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Tuesday, 2nd June, 2009

Public Spending in the 2010s: Apply the brakes or go into reverse?

Health spending continued to grow in the two key periods of public spending restraint in the twentieth century, but the latest forecasts suggest that such a pattern will be hard to repeat over the coming years as UK governments struggle to reduce the deficit and that real cuts in other major programmes are inevitable.

This is the key finding of a policy briefing launched on the 1st of June 2009 by the ESRC Public Services Programme and the Institute for Fiscal Studies. Programme Director Christopher Hood presented the policy briefing at the new Institute for Government, attracting a lot of discussion.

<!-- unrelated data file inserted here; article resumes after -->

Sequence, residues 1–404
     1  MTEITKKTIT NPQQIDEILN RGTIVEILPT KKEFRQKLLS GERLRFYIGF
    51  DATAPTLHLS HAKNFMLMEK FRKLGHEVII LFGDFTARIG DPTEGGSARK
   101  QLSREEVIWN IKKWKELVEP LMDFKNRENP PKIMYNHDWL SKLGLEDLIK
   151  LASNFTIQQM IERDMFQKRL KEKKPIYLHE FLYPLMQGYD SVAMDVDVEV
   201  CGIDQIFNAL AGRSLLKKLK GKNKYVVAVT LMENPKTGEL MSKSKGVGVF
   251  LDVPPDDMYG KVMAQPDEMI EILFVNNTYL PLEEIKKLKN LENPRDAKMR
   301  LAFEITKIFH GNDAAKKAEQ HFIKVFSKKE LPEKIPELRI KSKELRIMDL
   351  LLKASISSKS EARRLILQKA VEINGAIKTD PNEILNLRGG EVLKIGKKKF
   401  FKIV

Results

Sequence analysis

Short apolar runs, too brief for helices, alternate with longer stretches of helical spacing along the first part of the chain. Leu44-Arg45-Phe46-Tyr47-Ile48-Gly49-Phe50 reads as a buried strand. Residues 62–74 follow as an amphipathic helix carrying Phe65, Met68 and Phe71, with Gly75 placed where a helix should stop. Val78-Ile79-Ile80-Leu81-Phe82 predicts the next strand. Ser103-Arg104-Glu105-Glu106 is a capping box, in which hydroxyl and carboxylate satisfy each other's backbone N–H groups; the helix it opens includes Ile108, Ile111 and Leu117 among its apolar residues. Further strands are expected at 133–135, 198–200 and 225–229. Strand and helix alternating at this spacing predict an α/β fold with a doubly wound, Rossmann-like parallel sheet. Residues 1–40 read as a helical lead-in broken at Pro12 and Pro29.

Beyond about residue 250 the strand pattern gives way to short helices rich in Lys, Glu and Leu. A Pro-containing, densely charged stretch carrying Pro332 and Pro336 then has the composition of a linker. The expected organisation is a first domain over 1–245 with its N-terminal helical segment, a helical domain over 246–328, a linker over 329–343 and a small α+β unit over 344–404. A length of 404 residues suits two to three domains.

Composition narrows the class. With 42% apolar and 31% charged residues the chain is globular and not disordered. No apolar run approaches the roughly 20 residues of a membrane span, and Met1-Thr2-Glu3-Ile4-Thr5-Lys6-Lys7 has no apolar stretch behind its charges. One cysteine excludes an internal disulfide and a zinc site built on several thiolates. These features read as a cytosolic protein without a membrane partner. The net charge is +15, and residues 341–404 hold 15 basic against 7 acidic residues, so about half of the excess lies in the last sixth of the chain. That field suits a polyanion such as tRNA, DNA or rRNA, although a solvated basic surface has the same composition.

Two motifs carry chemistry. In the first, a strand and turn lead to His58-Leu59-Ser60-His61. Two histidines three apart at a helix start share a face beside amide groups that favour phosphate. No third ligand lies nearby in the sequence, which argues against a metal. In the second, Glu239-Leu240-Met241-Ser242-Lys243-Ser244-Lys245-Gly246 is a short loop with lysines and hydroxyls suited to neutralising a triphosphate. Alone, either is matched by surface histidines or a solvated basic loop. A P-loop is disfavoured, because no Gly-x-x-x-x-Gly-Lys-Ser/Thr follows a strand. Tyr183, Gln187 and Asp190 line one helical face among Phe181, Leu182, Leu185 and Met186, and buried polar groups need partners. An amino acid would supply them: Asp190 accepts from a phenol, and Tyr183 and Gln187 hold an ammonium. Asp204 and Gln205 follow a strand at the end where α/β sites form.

Attempts to brake or reverse the growth of public spending in the UK are not new. So what can be learnt from earlier periods of restraint or cutback in public spending? This policy briefing reviews two key historical cases – the ‘Geddes Axe’ era of the 1920s, and the 1975-85 period which included a loan from the IMF, the price of which was immediate spending cuts and tax increase – and also analyses public spending in relation to the economic cycle in the last 60 years.

It finds:

The full text of the policy briefing is available here (PDF).